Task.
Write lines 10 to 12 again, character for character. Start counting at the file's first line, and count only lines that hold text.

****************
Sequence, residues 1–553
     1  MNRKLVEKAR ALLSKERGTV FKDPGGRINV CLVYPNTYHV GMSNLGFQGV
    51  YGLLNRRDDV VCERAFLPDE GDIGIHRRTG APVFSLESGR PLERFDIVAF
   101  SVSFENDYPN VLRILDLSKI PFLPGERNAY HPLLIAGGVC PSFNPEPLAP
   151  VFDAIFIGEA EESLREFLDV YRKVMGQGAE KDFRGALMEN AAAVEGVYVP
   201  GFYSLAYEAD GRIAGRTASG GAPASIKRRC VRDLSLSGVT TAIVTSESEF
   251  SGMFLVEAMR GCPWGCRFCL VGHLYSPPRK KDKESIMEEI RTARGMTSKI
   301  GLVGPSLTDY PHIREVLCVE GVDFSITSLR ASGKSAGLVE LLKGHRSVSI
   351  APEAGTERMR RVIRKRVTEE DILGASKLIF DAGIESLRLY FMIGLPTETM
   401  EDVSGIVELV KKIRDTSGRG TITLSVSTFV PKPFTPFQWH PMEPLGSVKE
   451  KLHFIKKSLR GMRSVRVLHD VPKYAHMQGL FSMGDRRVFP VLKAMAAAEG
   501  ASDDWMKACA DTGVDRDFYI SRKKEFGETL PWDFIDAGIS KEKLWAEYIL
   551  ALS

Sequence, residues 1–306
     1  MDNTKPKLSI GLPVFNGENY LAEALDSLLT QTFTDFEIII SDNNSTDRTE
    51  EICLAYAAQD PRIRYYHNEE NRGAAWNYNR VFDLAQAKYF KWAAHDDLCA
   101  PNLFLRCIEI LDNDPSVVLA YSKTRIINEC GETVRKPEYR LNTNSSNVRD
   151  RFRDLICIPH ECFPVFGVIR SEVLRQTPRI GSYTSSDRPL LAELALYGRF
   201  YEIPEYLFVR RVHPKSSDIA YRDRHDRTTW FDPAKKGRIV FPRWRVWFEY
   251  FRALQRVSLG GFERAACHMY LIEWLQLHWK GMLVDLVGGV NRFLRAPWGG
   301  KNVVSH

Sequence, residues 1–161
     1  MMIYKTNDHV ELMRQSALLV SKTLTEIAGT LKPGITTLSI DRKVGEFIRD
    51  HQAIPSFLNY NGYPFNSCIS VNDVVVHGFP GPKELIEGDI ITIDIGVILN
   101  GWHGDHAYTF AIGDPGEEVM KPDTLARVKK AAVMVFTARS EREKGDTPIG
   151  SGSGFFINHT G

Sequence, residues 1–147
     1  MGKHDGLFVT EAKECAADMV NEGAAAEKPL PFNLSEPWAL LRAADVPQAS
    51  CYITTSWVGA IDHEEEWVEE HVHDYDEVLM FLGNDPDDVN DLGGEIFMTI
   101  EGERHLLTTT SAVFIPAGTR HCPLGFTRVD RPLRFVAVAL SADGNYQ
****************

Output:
   401  EDVSGIVELV KKIRDTSGRG TITLSVSTFV PKPFTPFQWH PMEPLGSVKE
   451  KLHFIKKSLR GMRSVRVLHD VPKYAHMQGL FSMGDRRVFP VLKAMAAAEG
   501  ASDDWMKACA DTGVDRDFYI SRKKEFGETL PWDFIDAGIS KEKLWAEYIL